ONEONTA _ Planners of this year's Friends of Christmas dinner were on target with their expectations for Thursday's event.
About 500 meals were served at the annual dinner in Oneonta, said Carol Forman, an organizer. This included more than 200 meals at the First United Methodist Church between 12:30 p.m. and 2:30 p.m. In addition, there were about 150 takeouts and 120 deliveries, she said.
Fewer than 400 meals were served at last year's event, but a couple of factors contributed to the group planning for more, Forman said.
The bad economy led Paul Omelia, 45, of Oneonta, and his wife and daughter to attend, he said. He is unemployed, he said, and the dinner provided a chance for the family to share a holiday meal together.
"It helped us out when times are tough," he said. "It's nice to get together and see everyone. It's a community that cares," he said.
His wife, Joanann Omelia, 43, said this is the first year the family attended the dinner.
"I don't have a clue," she said, when asked what the family would do for Christmas dinner without the free meal.
"It's great to see the community come together," she said.
For others, the meal provided an alternative to being alone.
This included Edward Kilpatrick, 84, of Oneonta, whose wife died five years ago. This is the second year he has attended.
"It gets people involved in their community," he said.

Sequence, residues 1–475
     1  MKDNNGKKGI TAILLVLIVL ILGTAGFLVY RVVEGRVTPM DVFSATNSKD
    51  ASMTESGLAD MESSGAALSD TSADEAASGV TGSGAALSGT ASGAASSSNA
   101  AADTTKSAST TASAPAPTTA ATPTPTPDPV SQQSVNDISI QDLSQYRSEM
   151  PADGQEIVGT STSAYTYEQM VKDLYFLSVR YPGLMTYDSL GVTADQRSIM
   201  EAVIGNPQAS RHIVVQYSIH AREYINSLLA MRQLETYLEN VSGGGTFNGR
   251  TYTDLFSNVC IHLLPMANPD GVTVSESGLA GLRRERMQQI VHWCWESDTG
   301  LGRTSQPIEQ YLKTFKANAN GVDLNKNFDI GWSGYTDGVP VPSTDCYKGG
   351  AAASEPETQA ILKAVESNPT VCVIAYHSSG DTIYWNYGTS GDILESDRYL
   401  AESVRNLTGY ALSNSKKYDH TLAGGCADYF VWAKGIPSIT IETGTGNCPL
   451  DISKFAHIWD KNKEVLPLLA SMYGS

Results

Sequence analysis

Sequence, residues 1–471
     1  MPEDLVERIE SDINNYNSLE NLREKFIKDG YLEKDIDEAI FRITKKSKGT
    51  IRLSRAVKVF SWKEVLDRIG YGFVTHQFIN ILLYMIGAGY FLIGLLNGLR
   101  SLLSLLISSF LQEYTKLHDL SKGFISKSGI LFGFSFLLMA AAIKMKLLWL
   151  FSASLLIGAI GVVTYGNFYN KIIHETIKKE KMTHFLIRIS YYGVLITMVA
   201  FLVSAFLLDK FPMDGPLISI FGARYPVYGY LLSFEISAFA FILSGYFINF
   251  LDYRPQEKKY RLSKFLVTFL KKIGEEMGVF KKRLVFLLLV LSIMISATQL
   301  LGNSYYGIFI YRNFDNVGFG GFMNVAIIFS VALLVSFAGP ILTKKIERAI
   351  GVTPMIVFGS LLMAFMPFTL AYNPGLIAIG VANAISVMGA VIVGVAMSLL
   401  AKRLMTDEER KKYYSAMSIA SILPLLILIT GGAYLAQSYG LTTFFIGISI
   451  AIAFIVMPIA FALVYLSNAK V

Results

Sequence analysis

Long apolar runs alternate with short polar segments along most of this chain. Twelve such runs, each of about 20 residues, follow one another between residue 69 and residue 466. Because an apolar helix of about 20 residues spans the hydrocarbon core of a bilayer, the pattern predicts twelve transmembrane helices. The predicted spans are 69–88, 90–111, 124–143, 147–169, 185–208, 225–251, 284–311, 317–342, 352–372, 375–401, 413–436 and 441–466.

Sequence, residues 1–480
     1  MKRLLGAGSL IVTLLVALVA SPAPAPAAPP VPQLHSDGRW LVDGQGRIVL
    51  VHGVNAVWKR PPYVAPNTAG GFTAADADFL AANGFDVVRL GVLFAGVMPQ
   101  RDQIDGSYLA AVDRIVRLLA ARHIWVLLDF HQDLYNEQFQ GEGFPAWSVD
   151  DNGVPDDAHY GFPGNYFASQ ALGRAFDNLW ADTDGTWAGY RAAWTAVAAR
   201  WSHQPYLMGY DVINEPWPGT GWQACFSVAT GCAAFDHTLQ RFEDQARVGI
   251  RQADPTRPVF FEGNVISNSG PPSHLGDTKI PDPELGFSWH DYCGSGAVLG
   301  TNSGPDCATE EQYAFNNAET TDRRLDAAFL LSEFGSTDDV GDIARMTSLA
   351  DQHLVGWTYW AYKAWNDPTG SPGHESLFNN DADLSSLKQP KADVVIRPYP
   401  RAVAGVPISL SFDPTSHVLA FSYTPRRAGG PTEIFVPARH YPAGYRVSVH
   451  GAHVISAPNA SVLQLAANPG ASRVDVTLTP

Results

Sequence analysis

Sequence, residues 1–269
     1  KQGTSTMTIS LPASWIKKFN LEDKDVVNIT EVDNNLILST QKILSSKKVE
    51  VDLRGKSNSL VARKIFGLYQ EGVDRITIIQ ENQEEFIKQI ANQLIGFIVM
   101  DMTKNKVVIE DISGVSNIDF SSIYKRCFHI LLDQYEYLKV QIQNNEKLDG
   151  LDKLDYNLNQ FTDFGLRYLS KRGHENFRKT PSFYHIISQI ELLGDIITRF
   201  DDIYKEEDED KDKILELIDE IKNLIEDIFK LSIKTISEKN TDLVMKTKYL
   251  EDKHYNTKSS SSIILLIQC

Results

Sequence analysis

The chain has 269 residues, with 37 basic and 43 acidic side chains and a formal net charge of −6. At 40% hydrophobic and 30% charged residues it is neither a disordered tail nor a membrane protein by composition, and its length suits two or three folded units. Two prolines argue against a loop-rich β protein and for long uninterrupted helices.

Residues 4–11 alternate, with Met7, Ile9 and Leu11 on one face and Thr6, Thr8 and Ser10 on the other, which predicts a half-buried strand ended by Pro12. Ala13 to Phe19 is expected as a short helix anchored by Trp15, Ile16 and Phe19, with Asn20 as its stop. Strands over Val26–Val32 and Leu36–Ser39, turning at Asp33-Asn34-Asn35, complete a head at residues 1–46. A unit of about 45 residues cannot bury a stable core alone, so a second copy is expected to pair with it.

With few if any restaurants open, the community event provides a chance for "a nice home-cooked meal" and some companionship, he said.
The dinner also provided an opportunity for people to help others.
See MEALS on Page 3
Peter Exton, 57, said his family got the idea to "pitch in" after his daughter and her friends decided to make cookies for the event.
"Its a wonderful sense of community," he said, as he added dinner rolls to plates of turkey and/or ham.
Its provides both an opportunity to see friends and meet new people, he said.
His daughter, Maggie Exton, a junior at Rensselaer Polytechnic Institute said, "I like seeing everyone come together." The family will be having its own Christmas meal later in the day, she said.
This is the 16th year that Jo Terwilliger, of Oneonta, has helped cook the meal with her husband John.
"Just giving of ourselves is what Christmas is all about," she said. She enjoys making people happy and getting hugs from appreciative mealgoers through her volunteering, she said.
"The merchants in the area have been very generous," said Forman, more than making up for a decline in monetary donations for the dinner. None of the food will go to waste, with leftovers being given to local feeding programs or food pantries, she said.